Alec was still in the shower. Magnus considered making a sudden loud noise, although he really wanted to get Max back from Ragnor before that. He decided to stall. “I hope you won’t mind,” he said, “if I ask you about the nature of that project. Last time I saw you, Shinyun, my boyfriend was releasing you from imprisonment, in the hope that you’d learned an important lesson about working with Greater Demons, Princes of Hell, and the like. Specifically, we hoped that you’d learned not to work with them in future.” The category of Greater Demons was broad—it included many types of intelligent fiends. Princes of Hell were far more powerful—they were former angels who had fallen when they fought on the side of Lucifer in the rebellion.
“Obviously,” said Shinyun with a haughty air, “I no longer serve a Greater Demon.”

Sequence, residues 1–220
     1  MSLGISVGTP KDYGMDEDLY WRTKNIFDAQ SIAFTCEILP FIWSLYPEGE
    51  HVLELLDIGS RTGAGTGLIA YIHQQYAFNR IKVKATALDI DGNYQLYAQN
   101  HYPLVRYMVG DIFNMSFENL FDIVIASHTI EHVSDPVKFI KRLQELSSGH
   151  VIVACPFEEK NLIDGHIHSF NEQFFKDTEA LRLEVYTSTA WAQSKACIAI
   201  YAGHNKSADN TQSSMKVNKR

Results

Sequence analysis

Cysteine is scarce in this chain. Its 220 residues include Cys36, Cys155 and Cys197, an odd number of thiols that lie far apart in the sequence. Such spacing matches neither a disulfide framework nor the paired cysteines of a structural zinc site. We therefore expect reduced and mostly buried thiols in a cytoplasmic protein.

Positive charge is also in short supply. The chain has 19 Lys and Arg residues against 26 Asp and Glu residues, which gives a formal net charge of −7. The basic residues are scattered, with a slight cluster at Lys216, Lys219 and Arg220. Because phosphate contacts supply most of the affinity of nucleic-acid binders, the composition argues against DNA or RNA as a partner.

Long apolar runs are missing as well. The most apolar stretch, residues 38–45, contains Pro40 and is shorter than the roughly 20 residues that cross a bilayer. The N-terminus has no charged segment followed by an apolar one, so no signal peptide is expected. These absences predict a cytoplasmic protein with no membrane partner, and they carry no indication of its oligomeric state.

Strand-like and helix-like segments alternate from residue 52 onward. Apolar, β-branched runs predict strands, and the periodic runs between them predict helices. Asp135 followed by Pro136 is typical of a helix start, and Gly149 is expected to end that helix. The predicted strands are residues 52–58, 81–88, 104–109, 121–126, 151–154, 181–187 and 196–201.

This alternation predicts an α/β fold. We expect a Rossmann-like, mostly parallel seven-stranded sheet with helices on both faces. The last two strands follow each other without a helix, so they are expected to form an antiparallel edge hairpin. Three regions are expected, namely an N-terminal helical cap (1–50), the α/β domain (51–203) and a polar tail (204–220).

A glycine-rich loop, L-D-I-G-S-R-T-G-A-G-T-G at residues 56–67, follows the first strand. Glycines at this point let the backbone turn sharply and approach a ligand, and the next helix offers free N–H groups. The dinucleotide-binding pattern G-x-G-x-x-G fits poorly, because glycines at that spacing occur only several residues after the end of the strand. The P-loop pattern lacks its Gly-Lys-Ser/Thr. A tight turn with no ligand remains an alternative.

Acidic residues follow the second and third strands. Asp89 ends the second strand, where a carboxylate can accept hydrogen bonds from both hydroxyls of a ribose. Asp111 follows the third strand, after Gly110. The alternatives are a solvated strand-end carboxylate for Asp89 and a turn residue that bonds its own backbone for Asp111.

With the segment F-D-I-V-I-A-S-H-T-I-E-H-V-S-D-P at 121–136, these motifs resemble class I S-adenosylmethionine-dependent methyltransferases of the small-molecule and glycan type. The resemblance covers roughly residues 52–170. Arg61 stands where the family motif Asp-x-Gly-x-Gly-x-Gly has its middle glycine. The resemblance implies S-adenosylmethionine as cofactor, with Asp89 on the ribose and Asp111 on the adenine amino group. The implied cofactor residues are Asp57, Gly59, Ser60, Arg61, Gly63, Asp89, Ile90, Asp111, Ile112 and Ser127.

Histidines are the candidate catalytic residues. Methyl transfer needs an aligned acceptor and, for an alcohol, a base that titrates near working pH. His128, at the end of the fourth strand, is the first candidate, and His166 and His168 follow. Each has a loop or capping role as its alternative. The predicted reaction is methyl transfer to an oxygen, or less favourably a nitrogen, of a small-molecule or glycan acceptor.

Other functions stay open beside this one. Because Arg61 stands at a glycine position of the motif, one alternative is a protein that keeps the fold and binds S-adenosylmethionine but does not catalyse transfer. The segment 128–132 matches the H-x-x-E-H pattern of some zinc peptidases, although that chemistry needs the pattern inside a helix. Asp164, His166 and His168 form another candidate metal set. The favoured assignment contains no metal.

Magnus let out a slow breath of relief.
“I serve,” said Shinyun, “the Greatest Demon!”
There was a pause.
“Capitalism?” hazarded Magnus. “You and Ragnor have started a small business and you’re looking for investors.”
“I serve the greatest of the Nine now,” said Shinyun in a gloating, triumphant tone that Magnus remembered well and hadn’t liked the first time around either. “The Maker of the Way! The Eater of Worlds! The Reaper of Souls!”
“The Wonder from Down Under?” suggested Magnus. “And Ragnor? Old buddy? Where are you on world-eating?”
“I’ve come around to being in favor of it,” Ragnor said.